U.S. Birth Rate Shrinks Again: Nearly Half of Women Are Childless
What’s your idea of the perfect family? One boy, one girl? Three kids? New data from the 2014 U.S. Census shows kids are becoming part of the equation less and less.
The updated information is based on the 2014 Current Population Survey’s Fertility Supplement, which includes current data for women ages 15-50, but also tracks historical trends. Nearly half of women — 47.6 percent — between the ages of 15-44 did not have children in 2014, making this figure the highest percentage since the Census began recording the fertility rate in 1976.
For some of the prime childbearing ages, the numbers are even more dramatic: 49.6 percent of women between the ages of 25-29 do not have children, setting another new record for the population.
The number of women between the ages of 40-44 who have just one child has roughly doubled between 1976 and today, and the census indicates that the amount of childless women at this age is about the same as their older counterparts aged 44-50. The takeaway: “women who are childless at age 40 are unlikely to give birth later.”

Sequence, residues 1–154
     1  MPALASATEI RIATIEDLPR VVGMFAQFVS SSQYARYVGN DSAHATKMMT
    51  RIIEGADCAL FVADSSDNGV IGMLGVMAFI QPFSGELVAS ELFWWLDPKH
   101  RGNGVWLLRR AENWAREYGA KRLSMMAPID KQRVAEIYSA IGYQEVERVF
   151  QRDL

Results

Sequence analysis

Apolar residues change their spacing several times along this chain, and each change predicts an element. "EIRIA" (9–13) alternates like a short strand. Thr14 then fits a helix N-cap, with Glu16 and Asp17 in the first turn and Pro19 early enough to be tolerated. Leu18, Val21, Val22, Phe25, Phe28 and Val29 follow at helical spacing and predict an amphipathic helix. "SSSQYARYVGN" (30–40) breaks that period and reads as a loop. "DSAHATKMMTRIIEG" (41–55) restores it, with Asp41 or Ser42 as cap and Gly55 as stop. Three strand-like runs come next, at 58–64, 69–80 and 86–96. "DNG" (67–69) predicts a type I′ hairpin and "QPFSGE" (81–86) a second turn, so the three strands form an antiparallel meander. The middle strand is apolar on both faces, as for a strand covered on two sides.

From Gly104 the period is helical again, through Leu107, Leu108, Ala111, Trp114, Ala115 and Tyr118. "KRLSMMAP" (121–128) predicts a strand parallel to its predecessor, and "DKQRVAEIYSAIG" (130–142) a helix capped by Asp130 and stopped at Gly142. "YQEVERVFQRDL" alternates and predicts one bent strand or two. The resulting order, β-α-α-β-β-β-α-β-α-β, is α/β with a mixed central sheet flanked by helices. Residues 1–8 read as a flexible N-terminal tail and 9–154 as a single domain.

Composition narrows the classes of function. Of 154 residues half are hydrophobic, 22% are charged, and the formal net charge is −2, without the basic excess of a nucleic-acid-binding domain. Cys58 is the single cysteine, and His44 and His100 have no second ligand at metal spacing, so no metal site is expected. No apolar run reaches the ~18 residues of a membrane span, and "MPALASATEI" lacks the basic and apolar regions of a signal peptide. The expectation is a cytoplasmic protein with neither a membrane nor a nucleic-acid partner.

So what does this mean for the current generation and beyond? Although the fertility rate in the U.S. is still somewhat higher than other developed countries, the drop may not reverse any time soon, especially with our work culture. The Wall Street Journal speculates that “juggling work and family is a big factor,” meaning that women may only have one child or go childless in favor of devoting more time to their careers. The Census backs it up: Women ages 40-50 who were in “managerial or professional” occupations were more likely to be childless than women of similar age in other occupations.
But you’re still allowed to want it all. Most Americans do. In spite of this information — and the fact that millennials are getting married later in life — the “ideal” rate of kids is still 2.4, according to the Census.